Join the WAC

A recent addition to the Military Collection is a poster dating from World War Two. It solicits American women to join the WAC, the initials of the Women’s Army Corps. The image is a reproduction of a painting (signed by Spector?) and depicts a member of the WAC seated on a cot, writing on her typewriter. As the subtitle states, “…this is my war, too.”

Beneath the image is a line of text that reads: “This poster contributed to the WAC by Wamsutta Mills, New Bedford, Mass.” According to the history of Wamsutta Mills, during World War One, the Mills produced woven balloon cloth and gas mask fabric.When America went to war again in 1941, balloon cloth was once more manufactured for observation and barrage balloons, but it also “wove thousands and thousands of yards of fine poplin for uniforms as well, and lighter fabrics for powder bags, camouflage purposes, and ponchos…the war contribution of the mills was one of the important technical accomplishments which helped to make up American supremacy in matching urgent problems with immediate practical solutions.”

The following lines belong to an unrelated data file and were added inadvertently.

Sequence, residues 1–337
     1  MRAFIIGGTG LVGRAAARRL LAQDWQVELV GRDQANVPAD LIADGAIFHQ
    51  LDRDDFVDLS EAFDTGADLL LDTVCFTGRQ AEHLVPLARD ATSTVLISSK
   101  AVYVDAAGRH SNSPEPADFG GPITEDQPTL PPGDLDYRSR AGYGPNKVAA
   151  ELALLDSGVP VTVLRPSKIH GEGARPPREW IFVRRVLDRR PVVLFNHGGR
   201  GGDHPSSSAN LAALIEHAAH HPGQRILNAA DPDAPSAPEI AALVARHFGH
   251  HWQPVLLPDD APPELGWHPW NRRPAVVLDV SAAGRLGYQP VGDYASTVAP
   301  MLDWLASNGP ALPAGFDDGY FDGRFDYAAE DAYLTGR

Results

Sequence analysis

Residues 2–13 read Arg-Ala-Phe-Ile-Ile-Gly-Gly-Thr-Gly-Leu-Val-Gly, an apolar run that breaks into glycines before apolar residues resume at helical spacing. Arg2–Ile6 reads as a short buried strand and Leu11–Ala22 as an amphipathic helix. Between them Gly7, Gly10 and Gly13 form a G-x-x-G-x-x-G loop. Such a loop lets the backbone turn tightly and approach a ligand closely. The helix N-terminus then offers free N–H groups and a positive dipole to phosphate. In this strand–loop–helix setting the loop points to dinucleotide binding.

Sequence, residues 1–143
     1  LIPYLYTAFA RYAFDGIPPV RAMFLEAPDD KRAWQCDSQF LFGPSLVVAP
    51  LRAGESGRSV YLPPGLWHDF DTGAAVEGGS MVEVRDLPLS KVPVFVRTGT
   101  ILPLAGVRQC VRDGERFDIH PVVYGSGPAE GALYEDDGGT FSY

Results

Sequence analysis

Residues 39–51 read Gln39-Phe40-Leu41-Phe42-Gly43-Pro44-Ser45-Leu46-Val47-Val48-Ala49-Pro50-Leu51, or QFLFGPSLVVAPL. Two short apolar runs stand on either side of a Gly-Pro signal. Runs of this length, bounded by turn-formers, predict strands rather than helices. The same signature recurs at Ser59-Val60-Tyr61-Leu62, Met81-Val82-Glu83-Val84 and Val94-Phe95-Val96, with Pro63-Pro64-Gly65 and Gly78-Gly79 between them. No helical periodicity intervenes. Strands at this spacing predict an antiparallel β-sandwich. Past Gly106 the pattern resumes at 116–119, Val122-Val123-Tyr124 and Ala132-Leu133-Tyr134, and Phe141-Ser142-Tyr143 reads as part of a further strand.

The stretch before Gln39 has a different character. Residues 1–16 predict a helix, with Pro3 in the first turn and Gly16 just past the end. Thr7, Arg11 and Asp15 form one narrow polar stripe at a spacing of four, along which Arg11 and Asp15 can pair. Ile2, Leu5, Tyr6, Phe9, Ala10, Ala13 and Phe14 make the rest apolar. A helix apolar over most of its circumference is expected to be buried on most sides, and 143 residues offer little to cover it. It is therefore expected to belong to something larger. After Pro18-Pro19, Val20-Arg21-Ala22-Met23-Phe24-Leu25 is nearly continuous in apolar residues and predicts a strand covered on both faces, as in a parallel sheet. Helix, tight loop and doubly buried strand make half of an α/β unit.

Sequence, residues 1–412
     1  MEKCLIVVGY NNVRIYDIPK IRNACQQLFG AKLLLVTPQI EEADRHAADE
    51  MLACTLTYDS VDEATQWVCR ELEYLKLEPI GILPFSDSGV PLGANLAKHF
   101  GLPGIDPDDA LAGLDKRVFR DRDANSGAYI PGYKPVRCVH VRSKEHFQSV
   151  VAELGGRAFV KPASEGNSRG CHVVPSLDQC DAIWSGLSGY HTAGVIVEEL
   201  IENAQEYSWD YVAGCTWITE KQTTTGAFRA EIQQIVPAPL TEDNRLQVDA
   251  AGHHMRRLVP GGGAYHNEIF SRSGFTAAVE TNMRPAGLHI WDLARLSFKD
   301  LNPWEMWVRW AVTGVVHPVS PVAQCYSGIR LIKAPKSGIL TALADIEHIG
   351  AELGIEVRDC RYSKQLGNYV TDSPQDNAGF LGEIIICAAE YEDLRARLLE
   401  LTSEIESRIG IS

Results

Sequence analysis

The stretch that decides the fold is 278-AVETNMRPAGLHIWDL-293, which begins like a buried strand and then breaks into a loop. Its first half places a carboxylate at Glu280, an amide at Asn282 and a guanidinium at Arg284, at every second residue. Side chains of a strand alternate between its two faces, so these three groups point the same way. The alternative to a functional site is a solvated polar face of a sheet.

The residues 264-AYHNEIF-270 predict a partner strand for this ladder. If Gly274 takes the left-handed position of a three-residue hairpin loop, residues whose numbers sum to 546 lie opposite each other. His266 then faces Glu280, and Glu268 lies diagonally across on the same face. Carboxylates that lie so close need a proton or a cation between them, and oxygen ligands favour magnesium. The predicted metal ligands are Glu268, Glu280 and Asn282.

According to the U.S. Army Center of Military History, “over 150,000 American women served in the Women’s Army Corps (WAC) during World War Two, being the first women other than nurses to serve in the ranks of the United States Army. Both the Army and the public initially had difficulty accepting the concept of women in uniform in uniform. However, political and military leaders, faced with fighting a two-front war and supplying men and materiel for that war while continuing to send lend-lease material to the Allies, realized that women could supply the additional resources so desperately needed in the military and industrial sectors. Given the opportunity to make a major contribution to the national war effort, women seized it. By the end of the war their contributions would be widely heralded.”

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